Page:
Dr. Laura Correa Ochoa is a social historian of modern Latin America and the Caribbean, with a focus on Colombia. She specializes in histories of race, ethnicity, political violence, and Afro-Latin American and Indigenous social movements and politics. Her work explores how ideas of race and ethnic difference have shaped political conflicts and how Indigenous and Black people have mobilized in the face of persistent discrimination and violence. She received a PhD in Latin America and Caribbean History from Harvard University in 2021 and a BA (Hons) in History and Political Science from the University of Toronto in 2013.
Her first book project, Black and Indigenous Counterpoints: Race, Nation, and Mobilization in Colombia, 1930-2022, reconstructs the entwined and parallel histories of Indigenous and Black mobilization in Colombia and explores the role of race and ethnicity in broader social and political struggles, the making of state policies, and national narratives. Her article, “Manuel Zapata Olivella, Racial Politics and Pan-Africanism in Colombia in the 1970s,” published in The Americas, chronicles the ideas and debates of the first Pan-Africanist meeting in Latin America.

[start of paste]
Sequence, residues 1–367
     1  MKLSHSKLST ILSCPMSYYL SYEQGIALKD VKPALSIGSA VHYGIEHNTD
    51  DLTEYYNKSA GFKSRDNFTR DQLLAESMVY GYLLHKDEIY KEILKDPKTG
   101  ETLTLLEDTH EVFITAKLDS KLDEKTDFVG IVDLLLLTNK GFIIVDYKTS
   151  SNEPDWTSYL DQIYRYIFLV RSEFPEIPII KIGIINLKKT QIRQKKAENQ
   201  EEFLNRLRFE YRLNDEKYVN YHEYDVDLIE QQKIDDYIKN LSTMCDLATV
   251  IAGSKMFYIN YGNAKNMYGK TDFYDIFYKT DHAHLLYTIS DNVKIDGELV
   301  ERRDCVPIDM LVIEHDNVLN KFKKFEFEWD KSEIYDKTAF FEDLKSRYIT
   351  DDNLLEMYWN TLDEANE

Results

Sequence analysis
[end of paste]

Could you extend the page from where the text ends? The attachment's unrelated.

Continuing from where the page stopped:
Lunch will be served.
Part of the Latin American History Speaker Series.